Mexicans are poised to make history by electing a woman as president in the general elections. The two main contenders are Claudia Sheinbaum, a protégée of outgoing President Andrés Manuel López Obrador, and Xóchitl Gálvez, who leads an opposition coalition.

Sheinbaum, a former mayor of Mexico City, is well ahead in the polls, buoyed by the popularity of Lopez Obrador — better known as AMLO — whose supporters credit his social programs with reducing poverty. Gálvez, an Indigenous leader who rose from poverty to become a tech entrepreneur, has failed to overcome the governing coalition’s lead, despite blasting AMLO for failing to reduce violent crime. Critics accuse the AMLO government of boosting social spending to favor official candidates and of undermining Mexican democracy by weakening the country’s independent electoral authority and the judiciary.

The United States has a huge stake in supporting stable democratic rule in Mexico, which overtook China in 2023 as the largest U.S. trading partner. Despite sometimes tense relations with AMLO — particularly on U.S. policy toward Cuba, Venezuela and Nicaragua — the Biden administration relies on Mexican cooperation to curb drug trafficking and irregular migration across the southwest border.

Uruguay - October 27 (First Round); November 19 (Runoff)

After primaries in April and June, Uruguay will hold presidential and congressional elections, plus a series of referendums on constitutional reforms, in late October. The presidential elections pit the governing center-right Coalición Republicana against the center-left Frente Amplio, the latter of which held the presidency for 15 years until losing to outgoing President Luis LaCalle Pou in 2020. Perceptions of rising crime and a series of corruption scandals under the LaCalle government may continue to boost support for Frente Amplio. The parties will hold primaries in June: Yamandú Orsi, intendant of Canelones department, currently leads in the polls for the Frente Amplio while Álvaro Delgado, former secretary of the presidency, is the favorite for the governing National Party. If no presidential candidate wins more than 50 percent on October 27, there will be a run-off on November 19.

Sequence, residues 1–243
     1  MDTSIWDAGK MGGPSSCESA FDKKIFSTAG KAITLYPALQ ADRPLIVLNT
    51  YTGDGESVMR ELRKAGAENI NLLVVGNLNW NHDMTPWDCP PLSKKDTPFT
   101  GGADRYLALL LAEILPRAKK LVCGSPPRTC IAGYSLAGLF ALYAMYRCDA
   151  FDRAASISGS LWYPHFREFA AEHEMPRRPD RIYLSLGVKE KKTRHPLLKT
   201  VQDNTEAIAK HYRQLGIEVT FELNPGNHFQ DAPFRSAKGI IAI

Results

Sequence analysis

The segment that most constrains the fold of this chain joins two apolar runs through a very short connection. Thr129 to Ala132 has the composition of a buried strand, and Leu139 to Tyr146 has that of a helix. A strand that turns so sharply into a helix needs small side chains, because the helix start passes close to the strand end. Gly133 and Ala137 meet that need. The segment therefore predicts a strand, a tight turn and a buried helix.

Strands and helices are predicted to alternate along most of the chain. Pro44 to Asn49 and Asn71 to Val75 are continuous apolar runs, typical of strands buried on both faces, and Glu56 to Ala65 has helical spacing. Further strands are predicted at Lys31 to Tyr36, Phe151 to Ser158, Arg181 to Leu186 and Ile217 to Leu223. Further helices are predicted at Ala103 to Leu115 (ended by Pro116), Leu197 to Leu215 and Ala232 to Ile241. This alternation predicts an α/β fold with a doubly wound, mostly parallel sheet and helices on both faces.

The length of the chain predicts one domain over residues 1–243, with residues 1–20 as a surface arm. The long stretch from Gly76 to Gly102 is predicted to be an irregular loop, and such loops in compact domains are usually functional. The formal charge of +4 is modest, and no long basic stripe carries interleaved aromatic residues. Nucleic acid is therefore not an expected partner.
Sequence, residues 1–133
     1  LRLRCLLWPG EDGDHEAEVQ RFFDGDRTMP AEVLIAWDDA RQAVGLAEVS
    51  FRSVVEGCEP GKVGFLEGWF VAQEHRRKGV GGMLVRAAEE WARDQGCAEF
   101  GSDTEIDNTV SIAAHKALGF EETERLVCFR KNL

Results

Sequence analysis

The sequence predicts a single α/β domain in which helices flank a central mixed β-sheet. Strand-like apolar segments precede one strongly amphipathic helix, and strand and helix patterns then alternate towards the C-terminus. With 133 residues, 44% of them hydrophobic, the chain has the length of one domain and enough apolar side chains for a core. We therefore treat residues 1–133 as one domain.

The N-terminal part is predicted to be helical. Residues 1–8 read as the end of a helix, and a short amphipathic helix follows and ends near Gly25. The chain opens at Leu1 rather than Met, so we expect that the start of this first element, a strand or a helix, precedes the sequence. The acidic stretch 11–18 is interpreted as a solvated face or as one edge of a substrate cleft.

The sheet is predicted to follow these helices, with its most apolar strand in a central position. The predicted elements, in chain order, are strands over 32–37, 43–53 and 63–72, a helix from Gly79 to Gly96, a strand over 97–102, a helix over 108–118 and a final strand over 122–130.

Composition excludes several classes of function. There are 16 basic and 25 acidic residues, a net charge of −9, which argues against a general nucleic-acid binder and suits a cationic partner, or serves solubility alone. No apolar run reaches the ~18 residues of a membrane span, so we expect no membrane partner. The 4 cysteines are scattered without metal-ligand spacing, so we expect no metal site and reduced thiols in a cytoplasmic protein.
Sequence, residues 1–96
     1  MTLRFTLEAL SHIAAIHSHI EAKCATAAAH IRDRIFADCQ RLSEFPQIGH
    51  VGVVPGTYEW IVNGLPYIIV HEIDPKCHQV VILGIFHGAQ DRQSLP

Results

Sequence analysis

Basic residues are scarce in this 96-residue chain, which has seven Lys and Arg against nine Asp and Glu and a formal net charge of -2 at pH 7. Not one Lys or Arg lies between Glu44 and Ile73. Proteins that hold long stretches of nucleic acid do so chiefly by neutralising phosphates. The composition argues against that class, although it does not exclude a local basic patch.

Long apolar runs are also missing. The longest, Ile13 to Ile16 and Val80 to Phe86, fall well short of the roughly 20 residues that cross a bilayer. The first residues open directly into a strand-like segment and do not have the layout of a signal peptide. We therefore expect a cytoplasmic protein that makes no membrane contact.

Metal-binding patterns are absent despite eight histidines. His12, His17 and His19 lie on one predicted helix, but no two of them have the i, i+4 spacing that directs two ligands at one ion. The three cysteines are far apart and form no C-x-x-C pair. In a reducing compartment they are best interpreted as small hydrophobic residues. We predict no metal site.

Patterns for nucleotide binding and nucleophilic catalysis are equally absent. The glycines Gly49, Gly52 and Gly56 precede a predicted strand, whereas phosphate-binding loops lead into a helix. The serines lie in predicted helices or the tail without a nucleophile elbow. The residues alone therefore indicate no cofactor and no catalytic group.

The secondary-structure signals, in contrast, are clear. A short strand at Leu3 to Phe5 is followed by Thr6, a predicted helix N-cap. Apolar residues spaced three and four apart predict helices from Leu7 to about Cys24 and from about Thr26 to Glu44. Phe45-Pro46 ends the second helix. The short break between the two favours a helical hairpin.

Venezuela

Venezuela’s government and the opposition agreed in October 2023 to hold presidential elections by the end of 2024, raising hopes for a peaceful resolution to the political and economic crisis that has forced millions of Venezuelans to leave their country.

The government, however, has barred Maria Corina Machado, who won the opposition primary, from holding office. Machado is appealing the ban and continues to campaign against President Nicolás Maduro, whose regime is deeply unpopular. If the opposition manages to pull off an electoral victory, a democratic transition will still require further negotiations to ensure national reconciliation and accountability. A credible election would advance three U.S. goals: the restoration of Venezuelan democracy; the reduction of Venezuelan irregular migration, and the re-opening of Venezuelan oil flows into U.S. markets amid a global energy crunch.

Haiti

The political crisis in Haiti grinds on. Since the assassination of President Jovenel Moïse in July 2021 and the expiration of congressional terms the following year, the country has ceased to have any elected political leaders — although the country could hold elections in 2024 if security conditions improve.

Some Haitian and international observers, including a U.N. special envoy, believe that prompt elections are the only way to reset the country’s political system. Others question whether the country can hold credible elections when gangs control much of the capital and large swaths of the countryside.

Efforts continue to prepare a multinational security mission and broker a political accord to establish a transitional government. That could give the country time to lay the groundwork for a credible electoral process. Though elections in 2024 cannot be ruled out, the process would likely be messy, contested and unlikely to yield a stable government.

Lucila Del Aguila Llausas is a senior program officer with USIP's Latin America program.